The Memorial Day holiday weekend is all but a memory, but with plenty summer left to enjoy Wyoming’s boating opportunities, the Wyoming Game and Fish Department is reminding watercraft users to be aware of the Aquatic Invasive Species (AIS) laws and regulations. Although the number of citations were down slightly from the this time last year, a surprising amount of boaters, resident and nonresident, still do not understand the AIS program and the Game and Fish wants to help them.
This is the seventh year the Game and Fish watercraft inspection program and AIS decal have been in effect and, despite multiple educational and media outreach efforts, Green River Region game wardens and AIS technicians routinely encounter people who do not understand the AIS Decal requirements, the watercraft inspection requirements or the requirement to stop at AIS check stations.
“Watercraft enforcement, including enforcement of the AIS Program rules and regulations, are the responsibilities of being a game warden,” said Green River Game Warden Rob Shipe. “There continues to be people who intentionally do not stop at the AIS watercraft inspection stations. We will continue to provide a tremendous amount of education on the AIS program and we realize that AIS education is an ongoing process. We also realize there is some inconvenience for the boating public, but we do our best to make the inspections and check station encounters efficient and brief. However, it is the boaters’ responsibility to seek out an inspection when required to do so. The over-reaching goal is to minimize the chance of AIS getting into Wyoming waters.”
Wyoming Game and Fish Department Green River Region Aquatic Invasive Species Specialist Wes Gordon said the most confusion they see is with the watercraft inspection and AIS Decal requirements and offers the following information:
· Along with registration of watercraft, watercraft used on Wyoming waters must have an AIS Decal. A Wyoming AIS decal must be displayed on all watercraft using Wyoming waters with the exception of nonmotorized inflatable watercraft 10-feet in length or less. While these watercraft are not required to have a decal, they still require an inspection when coming from out of state.
· Boat Inspections: All boaters must stop at established check stations each time a boater passes a check station. Check stations are established at ports of entry, border locations, or at boat ramps and are set-up to ensure watercraft are Drain, Clean and Dry before launching. Inspections are also available at WGFD Regional Offices during normal business hours.
· Any watercraft transported into Wyoming from March 1 through November 30 must undergo a mandatory inspection by an authorized inspector prior to launching on any Wyoming waterway. If the watercraft was last used on a water suspect or positive for invasive mussels, it must be inspected prior to launching year round.
· If any person transporting a watercraft into the state does not encounter an open AIS check station in their route of travel, it is the boater’s responsibility to seek out a mandatory inspection before launching on any Wyoming waterway. Inspection locations may be found at https://wgfd.wyo.gov/web2011/fishing1001292.aspx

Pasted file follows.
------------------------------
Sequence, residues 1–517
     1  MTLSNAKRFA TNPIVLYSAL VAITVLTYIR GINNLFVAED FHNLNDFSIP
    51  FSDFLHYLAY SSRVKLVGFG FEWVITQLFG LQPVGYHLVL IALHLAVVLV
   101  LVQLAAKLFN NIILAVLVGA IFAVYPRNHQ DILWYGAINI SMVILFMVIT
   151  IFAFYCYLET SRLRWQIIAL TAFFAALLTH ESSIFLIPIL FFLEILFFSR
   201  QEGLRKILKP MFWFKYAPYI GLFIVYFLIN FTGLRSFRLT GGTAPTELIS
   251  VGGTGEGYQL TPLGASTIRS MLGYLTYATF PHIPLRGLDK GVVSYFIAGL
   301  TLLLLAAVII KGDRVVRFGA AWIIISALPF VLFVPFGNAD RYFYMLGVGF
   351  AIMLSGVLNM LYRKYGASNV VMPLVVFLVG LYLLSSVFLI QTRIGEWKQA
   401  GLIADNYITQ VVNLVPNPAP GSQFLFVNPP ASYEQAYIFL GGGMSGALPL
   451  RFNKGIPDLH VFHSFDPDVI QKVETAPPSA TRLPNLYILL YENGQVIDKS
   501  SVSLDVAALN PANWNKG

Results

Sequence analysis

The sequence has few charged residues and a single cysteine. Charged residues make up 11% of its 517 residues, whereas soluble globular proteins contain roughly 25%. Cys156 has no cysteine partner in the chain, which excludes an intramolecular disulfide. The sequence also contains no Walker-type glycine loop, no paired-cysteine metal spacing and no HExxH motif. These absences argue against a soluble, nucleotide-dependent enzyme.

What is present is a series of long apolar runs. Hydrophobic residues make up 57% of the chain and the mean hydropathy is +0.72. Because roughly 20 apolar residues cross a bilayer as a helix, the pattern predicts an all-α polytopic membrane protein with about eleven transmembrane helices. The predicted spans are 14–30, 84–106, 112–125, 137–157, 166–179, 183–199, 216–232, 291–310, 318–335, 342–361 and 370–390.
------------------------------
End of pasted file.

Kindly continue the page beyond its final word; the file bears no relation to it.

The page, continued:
· A watercraft may launch without further inspection if the watercraft has a properly affixed seal applied by an authorized inspector and is accompanied by a valid seal receipt during transit. The person transporting the watercraft may remove the seal immediately prior to launching on the destination water and must retain the seal and valid seal receipt while on the water.
· Even if a watercraft has been previously inspected and has a valid seal and seal receipt, boaters are still required to stop at any open AIS check station. Having the properly affixed seal and valid seal receipt will expedite the inspection process.
· Any watercraft that has been in a water infested with zebra/quagga mussels within the last 30 days, is required to undergo a mandatory inspection by an authorized inspector prior to launching during ALL months of the year.
“I know some of our watercraft users get annoyed with our boat inspections and decontamination process, but please be patient and understand we take these steps in an effort to lower the probability of Flaming Gorge and other waters getting infested with mussels,” Gordon said. “Honestly, you, the watercraft users, are the first line of defense against an invasion. Even if we had every Game and Fish employee out inspecting boats all day, every day, we still cannot inspect every watercraft. Simply drain, clean, and dry your watercraft and equipment after every use and have your boat inspected when required to do so. We really do appreciate your time and vigilance.”
Zebra and quagga mussels ruin fisheries, clog boat motor cooling systems, foul watercraft hulls and equipment and clog water delivery systems used for power plants, irrigation and domestic water use, increasing maintenance costs; costs that are all passed on to the user. Even worse, these exotic filter-feeding mussels remove plankton, a.k.a. fish food, from the water resulting in serious declines in forage fish populations. These mussels cannot be eradicated from large reservoirs like Flaming Gorge, but Gordon said people can help by doing their best to prevent their spread into Wyoming.
For the most recent and up to date information Wyoming AIS go to the Game and Fish website wgfd.wyo.gov/AIS. The 2016 AIS decal is also available online, at all Game and Fish regional offices, and at automated license agents. A complete list of automated license agents may be found at the department’s website, under the Aquatic Invasive Species tab. There is also a combination watercraft registration and AIS Decal that may be purchased for one or three years. Watercraft users may also call the Green River Game and Fish Office for more information at 307-875-3223.